Baguet was diagnosed with the disease in late 2014 after feeling severe abdominal pain on a bike ride. He was taken to hospital for surgery on an inflamed diverticulum, with doctors removing a piece of his intestine and later discovering a malignant tumour.
Six sessions of chemotherapy followed, and though it looked like his recovery was going well, Baguet acknowledged his life would never be the same. "I try to remain hopeful, I've always been a fighter. Yet I live with fear every day," he told Sporza at the time.
Those fears were ultimately borne out as the disease returned in 2016, and Baguet passed away at his home in Sint-Lievens-Houtem on Thursday morning.
Baguet’s career was a curious, two-part affair, parenthesized by four years working as a roofer.
He turned pro in 1991 with the Lotto team, and raced with the Vlaanderen 2002 team in 1996, but he was becoming disillusioned and hung up the wheels for the first time to work for his father-in-law.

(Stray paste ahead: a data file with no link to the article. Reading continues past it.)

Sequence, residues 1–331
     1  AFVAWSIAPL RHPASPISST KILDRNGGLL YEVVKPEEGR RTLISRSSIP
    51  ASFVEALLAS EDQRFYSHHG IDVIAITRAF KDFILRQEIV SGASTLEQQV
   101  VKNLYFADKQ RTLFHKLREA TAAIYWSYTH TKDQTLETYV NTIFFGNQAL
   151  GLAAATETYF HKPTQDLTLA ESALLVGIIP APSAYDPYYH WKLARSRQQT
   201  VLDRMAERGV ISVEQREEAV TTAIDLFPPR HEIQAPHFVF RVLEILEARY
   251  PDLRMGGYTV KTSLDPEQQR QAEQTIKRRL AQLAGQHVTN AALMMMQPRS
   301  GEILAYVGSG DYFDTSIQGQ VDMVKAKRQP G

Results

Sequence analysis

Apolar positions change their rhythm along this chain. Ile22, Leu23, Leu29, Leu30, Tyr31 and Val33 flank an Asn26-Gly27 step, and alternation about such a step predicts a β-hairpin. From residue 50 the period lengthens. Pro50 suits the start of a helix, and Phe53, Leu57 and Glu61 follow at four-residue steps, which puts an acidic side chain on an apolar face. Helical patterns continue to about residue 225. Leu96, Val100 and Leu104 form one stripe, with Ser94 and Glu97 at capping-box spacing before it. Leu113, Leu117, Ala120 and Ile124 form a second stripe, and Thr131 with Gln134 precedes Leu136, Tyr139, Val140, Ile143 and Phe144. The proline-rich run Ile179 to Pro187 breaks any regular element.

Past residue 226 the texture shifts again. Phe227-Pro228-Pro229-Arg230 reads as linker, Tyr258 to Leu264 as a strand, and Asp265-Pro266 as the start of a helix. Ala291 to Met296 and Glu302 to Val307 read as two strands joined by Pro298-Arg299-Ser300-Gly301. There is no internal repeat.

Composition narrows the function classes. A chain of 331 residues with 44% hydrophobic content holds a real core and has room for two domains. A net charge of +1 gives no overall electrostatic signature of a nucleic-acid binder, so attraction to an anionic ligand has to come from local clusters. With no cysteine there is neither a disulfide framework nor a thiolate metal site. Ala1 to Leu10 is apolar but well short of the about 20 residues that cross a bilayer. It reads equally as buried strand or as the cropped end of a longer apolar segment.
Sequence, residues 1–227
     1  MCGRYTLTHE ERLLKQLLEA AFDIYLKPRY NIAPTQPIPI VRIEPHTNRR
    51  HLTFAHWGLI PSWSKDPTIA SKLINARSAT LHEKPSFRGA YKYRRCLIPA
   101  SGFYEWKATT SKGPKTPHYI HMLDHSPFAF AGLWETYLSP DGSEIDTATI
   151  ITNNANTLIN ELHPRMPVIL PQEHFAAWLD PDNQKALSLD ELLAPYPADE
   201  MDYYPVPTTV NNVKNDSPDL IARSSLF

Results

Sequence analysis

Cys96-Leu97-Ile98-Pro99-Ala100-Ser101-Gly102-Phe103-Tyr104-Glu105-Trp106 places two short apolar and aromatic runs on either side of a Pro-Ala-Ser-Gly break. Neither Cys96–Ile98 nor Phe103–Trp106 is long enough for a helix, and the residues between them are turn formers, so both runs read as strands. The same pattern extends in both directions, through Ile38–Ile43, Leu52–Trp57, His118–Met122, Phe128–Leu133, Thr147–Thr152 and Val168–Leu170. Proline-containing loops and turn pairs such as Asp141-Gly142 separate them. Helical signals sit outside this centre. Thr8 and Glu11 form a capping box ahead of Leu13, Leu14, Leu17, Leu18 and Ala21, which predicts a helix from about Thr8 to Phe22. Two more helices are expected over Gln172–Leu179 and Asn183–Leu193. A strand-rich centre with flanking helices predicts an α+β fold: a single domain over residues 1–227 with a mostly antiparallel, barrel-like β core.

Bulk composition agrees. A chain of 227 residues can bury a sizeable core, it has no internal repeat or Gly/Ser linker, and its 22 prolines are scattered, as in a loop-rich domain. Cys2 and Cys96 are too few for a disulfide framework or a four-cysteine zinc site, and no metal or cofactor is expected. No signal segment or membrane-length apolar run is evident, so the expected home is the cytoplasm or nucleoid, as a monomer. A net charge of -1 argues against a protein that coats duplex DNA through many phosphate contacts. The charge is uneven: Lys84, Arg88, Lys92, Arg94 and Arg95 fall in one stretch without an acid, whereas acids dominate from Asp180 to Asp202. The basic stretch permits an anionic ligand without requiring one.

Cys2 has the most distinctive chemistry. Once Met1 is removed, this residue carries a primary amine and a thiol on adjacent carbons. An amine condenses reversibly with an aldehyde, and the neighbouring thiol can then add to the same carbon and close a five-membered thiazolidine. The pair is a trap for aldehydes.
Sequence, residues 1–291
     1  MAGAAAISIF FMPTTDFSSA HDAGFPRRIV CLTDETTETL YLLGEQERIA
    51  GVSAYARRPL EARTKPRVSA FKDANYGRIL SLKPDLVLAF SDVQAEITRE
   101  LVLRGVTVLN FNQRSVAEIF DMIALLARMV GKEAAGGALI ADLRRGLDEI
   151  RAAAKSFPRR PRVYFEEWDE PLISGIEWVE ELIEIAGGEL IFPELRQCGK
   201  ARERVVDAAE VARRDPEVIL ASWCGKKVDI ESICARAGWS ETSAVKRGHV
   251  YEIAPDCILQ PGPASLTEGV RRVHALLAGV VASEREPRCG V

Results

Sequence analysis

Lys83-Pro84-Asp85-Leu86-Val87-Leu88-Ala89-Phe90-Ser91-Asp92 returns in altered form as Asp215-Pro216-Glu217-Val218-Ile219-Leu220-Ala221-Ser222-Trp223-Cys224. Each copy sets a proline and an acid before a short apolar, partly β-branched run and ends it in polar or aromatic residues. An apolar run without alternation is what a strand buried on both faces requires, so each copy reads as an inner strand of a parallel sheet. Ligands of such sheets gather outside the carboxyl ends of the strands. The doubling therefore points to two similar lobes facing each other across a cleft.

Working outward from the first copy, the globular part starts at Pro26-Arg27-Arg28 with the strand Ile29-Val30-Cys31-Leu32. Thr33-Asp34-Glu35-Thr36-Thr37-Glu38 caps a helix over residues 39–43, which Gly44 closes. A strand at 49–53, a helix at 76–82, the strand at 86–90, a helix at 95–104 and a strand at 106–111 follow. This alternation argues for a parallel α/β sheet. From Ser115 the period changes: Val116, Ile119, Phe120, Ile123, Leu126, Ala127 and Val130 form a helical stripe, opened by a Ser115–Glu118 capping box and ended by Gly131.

He kept his fitness up, and made his comeback in 2000, again with the Lotto team, going on to enjoy the best years of his career. The crowning glory came in the 2001 Tour de France, where he won stage 17 to Montlucon from a three-man move that just escaped the clutches of the peloton.
Later that year he won the Druivenkoers Overijse and he also collected podiums in hilly one-day races such as the Amstel Gold Race and Trofeo Laigueglia. The other big success of his career came when he won the road race at the Belgian national championships in Saint-Hubert in 2005.
Baguet switched to Quick-Step, the other big Belgian team, in 2006, and retired for good at the end of the 2007 season.
Tributes from the world of cycling poured in on Thursday morning.
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